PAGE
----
The St. Clair County Drain Commissioner provides for the health, safety and welfare of St. Clair County citizens through the maintenance and protection of surface waters and drainage, and promotes long term environmental and economic sustainability by providing storm water management, flood control, development review and water quality programs.
The St. Clair County Drain Commissioner's office is dedicated to providing good drainage for agriculture, homes, and businesses; to protecting riparian rights, natural resources, and water quality; and to managing our waterways for multiple uses, including recreation, fishing, swimming, boating, scenic value, and wildlife habitat.
,About the Office
The County Drain Commissioner is an elected office with a four year term. The Drain Commissioner is elected county-wide in a partisan election at the same time as the U.S. Presidential election.
The Drain Commissioner's Office is independent of the County Board of Commissioners, other than for its administrative budget and the supplying of office facilities and equipment.
The Drain Commissioner's office functions under the authority of State legislation. The role of the Drain Commissioner is described in the following acts:
- Michigan Drain Code (Act 40, P.A. of 1956 as amended)
- Land Division Act (Act 288 of 1967, as last amended by Act 87 of 1997)
- Condominium Act (Act 59 of 1978)
- Mobile Home Commission Act (Act 96 of 1987)
- Local Ordinances
- Common Law Natural Flow Rights
The St. Clair County Drain Commissioner has published rules for review of storm water drainage in developments. These Rules of the St. Clair County Drain Commissioner are available on this website or from the Drain Office for $15.00.
Printed maps of the county drains and natural watercourses in each township are available for $2.00 each. Maps are also available for download here.
The St. Clair County Drain Commissioner manages 407 different county and intercounty drains, a total of about 850 miles of waterways. A few of these are enclosed storm sewers, but most are open watercourses. County drains are officially established by petition of landowners who form a drainage district. There are also about 950 miles of natural watercourses in the county that are not drains and are under the jurisdiction of the state as inland streams. Most road ditches are under the jurisdiction of the St. Clair County Road Commission, but some are also county drains. Township drain maps, available from the Drain Office, show which watercourses are officially drains.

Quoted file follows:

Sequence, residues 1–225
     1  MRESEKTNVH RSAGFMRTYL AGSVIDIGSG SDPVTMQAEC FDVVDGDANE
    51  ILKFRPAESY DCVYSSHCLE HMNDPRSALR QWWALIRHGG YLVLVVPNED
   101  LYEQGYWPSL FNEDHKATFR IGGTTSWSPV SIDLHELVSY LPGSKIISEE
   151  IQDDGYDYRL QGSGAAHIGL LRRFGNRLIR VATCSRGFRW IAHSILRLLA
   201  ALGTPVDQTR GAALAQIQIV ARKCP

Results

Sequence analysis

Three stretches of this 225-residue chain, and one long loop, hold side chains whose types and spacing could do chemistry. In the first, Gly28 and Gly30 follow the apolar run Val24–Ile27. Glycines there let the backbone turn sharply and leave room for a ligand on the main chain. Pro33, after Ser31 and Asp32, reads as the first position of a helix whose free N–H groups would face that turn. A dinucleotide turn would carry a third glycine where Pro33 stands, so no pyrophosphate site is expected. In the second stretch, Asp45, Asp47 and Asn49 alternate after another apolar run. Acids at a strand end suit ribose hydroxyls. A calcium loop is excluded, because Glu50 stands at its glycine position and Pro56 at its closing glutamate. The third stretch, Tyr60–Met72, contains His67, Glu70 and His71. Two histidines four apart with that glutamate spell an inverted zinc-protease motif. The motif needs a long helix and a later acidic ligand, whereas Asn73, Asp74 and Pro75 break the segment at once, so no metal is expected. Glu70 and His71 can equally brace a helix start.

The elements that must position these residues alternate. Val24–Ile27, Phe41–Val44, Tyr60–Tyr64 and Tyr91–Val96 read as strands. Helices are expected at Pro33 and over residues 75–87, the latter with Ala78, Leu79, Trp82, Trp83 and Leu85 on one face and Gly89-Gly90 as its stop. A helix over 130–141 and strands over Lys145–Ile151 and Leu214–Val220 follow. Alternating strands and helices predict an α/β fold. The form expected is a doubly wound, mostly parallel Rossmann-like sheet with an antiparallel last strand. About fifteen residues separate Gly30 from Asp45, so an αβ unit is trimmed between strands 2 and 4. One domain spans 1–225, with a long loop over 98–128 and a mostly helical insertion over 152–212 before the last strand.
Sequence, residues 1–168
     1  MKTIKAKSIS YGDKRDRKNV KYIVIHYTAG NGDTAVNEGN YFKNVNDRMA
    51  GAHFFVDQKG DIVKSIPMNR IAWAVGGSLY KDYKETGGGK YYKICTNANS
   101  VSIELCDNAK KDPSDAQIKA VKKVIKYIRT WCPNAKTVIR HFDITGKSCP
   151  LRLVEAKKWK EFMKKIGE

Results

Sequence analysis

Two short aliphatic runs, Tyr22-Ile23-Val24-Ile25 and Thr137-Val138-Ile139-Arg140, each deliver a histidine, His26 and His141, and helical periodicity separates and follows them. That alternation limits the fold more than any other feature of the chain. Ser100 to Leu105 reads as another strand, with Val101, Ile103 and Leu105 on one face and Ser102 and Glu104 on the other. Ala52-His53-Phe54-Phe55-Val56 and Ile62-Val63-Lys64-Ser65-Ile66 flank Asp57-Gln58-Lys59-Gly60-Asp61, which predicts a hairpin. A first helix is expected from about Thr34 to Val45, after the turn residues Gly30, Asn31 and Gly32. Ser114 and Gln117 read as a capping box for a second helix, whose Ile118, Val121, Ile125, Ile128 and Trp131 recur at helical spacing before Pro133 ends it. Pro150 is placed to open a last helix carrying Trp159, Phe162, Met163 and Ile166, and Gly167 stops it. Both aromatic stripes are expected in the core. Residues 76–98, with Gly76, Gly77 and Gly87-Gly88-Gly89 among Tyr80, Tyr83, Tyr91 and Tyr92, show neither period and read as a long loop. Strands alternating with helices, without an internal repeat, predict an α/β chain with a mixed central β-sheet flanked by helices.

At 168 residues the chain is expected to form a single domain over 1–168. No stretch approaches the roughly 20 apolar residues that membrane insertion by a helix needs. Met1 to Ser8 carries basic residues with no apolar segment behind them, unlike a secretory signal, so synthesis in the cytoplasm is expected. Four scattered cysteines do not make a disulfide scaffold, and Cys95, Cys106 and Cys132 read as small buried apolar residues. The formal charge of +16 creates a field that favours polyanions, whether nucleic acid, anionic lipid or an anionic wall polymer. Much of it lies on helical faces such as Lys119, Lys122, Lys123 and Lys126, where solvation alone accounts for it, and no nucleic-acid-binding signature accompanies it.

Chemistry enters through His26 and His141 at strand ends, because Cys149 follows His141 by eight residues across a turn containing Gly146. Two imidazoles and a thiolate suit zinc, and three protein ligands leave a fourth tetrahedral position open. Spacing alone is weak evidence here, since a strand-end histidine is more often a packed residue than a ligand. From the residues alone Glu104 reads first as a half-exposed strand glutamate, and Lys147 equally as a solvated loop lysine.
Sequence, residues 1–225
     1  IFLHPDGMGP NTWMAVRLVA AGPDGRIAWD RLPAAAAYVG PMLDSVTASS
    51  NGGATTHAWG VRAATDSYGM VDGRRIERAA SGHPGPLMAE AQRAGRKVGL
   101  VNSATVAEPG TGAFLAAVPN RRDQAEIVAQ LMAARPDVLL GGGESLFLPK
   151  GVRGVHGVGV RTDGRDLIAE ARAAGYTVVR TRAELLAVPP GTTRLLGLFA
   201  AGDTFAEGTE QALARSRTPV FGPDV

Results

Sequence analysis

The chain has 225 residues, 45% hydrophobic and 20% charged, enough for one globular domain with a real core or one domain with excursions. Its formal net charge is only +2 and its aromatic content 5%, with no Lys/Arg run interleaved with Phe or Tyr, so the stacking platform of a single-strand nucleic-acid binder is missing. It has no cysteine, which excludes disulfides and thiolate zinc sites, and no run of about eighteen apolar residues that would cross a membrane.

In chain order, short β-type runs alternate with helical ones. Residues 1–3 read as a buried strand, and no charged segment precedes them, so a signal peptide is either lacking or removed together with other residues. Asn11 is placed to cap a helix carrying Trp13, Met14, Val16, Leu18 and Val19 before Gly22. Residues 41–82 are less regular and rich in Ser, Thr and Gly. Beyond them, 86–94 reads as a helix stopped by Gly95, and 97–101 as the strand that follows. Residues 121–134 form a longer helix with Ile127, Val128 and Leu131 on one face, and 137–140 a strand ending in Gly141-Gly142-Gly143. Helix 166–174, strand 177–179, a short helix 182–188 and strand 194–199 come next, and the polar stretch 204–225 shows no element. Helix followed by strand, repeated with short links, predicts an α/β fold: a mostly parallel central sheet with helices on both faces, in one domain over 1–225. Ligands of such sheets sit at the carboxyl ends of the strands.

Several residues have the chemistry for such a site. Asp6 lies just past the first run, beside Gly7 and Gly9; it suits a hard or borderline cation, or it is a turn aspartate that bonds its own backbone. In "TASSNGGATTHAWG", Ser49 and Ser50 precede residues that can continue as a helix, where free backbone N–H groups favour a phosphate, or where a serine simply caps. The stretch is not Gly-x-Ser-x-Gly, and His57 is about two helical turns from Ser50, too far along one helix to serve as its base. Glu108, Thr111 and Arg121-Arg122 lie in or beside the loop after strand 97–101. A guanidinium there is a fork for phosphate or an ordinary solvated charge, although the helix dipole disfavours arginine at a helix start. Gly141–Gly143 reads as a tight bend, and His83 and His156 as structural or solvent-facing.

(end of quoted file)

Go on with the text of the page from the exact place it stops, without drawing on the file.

Each drainage district is a separate public corporation and the construction and maintenance of the drains is financed by special drain assessments to the landowners within the district. Each drain has rights-of-way for the location and maintenance of the drain. These are easement documents like a deed, which are recorded in the Drain Office. They date back well over one hundred years. Easements acquired prior to 1956 are sometimes recorded only in the Drain Office and not in the Register of Deeds Office. Many landowners, title companies, and building inspectors are sometimes unaware of these drain easements. All visible waterways should be checked for easement restrictions by contacting the Drain Commissioner’s Office.
The county's drainage systems were designed and constructed to handle rural development and agricultural storm water. As more of the county's land surface becomes impervious through development, storm water detention and retention become necessary. Therefore, all new developments in St. Clair County are required to have storm water detention to cope with this additional runoff.
The presence and capabilities of floodplain and wetlands to absorb and store storm water has become more important in the county. The St. Clair County Drain Commissioner's office works closely with federal, state, and local agencies to see that the laws regarding floodplain and wetlands are followed.
Permits from the Drain Commissioner' s office are required for:
- Any new discharge into a county drain
- Any culverts or bridges in a county drain
- Any utility crossing of a county drain
- Any earth change work in a county drain or right-of-way
- Any permanent structures in a right-of-way
Rules of the St. Clair County Drain Commissioner
Application for Drain Commissioner Review
St. Clair County Drain Permit Application
Review & Permit Fees
Drain Office Staff: Currently there are six full time employees. They are:
Engineer / Deputy Drain Commissioner
St. Clair County Drain Commissioner
21 Airport Drive
St. Clair, Michigan 48079